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Rediscovering a woman of conscience

Author Elizabeth Fideler of Framingham.Handout

In 2014, Framingham author Elizabeth Fideler was looking for a new book project when she came across an idea she hadn’t previously considered: profiling an individual who was highly accomplished, yet not famous.

“I knew Margaret Pearmain Welch to be a very interesting woman, but after my research, I understood how truly remarkable she was,” said Fideler, a research associate at the Center on Aging & Work at Boston College. “Her story deserved to be told.”

In “Margaret Pearmain Welch (1893-1984): Proper Bostonian, Activist, Pacifist, Reformer, Preservationist,” published last month by Wipf and Stock Publishers, Fideler describes the bygone era in which Welch was a debutante, world traveler, socialite, and dancer who founded and hosted Waltz Evenings in her Louisburg Square drawing room.


As Fideler notes, however, Welch also “defied the mores of her social set and got away with it.” While she provoked gossip and newspaper mentions for her divorce and remarriage to a prominent Bostonian who was also divorced, Welch became a resolute writer, lecturer, lobbyist, fund-raiser, and activist for women’s suffrage, reproductive rights, environmental protection, land conservation, worship without clergy, monetary reform, and world peace.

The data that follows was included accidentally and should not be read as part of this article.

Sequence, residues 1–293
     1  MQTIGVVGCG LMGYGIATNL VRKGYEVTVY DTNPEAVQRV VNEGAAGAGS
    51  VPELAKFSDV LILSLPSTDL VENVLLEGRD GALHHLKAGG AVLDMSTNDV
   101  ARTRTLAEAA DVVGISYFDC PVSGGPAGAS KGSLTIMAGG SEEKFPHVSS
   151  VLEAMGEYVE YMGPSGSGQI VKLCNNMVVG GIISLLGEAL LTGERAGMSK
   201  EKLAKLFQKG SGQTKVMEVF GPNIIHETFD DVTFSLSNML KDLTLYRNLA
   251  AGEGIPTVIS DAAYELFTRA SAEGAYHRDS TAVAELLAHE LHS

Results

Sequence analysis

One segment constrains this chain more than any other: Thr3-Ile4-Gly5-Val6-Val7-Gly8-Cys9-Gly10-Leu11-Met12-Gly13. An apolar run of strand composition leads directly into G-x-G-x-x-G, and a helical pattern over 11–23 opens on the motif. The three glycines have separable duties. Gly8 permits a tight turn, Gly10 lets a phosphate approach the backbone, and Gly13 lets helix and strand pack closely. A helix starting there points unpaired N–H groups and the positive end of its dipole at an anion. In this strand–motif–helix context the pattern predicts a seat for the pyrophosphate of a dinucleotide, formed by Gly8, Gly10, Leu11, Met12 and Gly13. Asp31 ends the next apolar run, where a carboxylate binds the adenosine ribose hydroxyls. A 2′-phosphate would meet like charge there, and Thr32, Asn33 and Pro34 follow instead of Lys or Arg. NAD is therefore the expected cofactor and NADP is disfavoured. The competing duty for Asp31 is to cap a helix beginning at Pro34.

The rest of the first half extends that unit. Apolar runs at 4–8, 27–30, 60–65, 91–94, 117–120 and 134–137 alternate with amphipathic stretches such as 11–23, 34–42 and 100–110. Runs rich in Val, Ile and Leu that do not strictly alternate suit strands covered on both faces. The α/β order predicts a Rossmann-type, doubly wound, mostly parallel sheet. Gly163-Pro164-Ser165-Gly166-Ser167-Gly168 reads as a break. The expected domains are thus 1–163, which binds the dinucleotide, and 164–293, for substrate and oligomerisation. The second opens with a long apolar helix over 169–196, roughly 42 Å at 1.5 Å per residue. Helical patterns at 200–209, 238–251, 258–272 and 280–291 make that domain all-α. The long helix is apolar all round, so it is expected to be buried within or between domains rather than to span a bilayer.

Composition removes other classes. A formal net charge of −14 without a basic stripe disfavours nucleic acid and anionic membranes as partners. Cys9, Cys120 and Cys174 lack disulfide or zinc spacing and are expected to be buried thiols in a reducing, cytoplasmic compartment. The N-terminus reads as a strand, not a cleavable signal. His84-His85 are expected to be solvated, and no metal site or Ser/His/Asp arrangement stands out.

Welch’s country home was the 1787 Colonel Thomas Nixon House on Edmands Road next to the Framingham Friends Meetinghouse, which she cofounded with like-minded Quakers. Welch also owned the Stearns Farm land across the road, which was managed for many years by her companion and caregiver, Penelope Turton.

In fact, Fideler met Welch in 1975 on a walk hosted by the Sudbury Valley Trustees on land donated by Welch. Fideler’s husband, Paul, volunteered alongside Welch as a draft counselor in 1979, after which time the couple was invited to Welch’s home.

“I admired Margaret for her dignity, conviction, and activism in a time and place whose values and traditions have all but disappeared,” Fideler said. “She was a woman of conscience who deserves to be celebrated.”


Fideler, a trustee of the Framingham Public Library and chair of Framingham Reads Together, will host a book reading and signing on Wednesday, Jan. 31 at 7 p.m. at the McAuliffe Branch Library, 746 Water St.

For more information, visit wipfandstock.com.

Cindy Cantrell can be reached at cindycantrell20@gmail.com.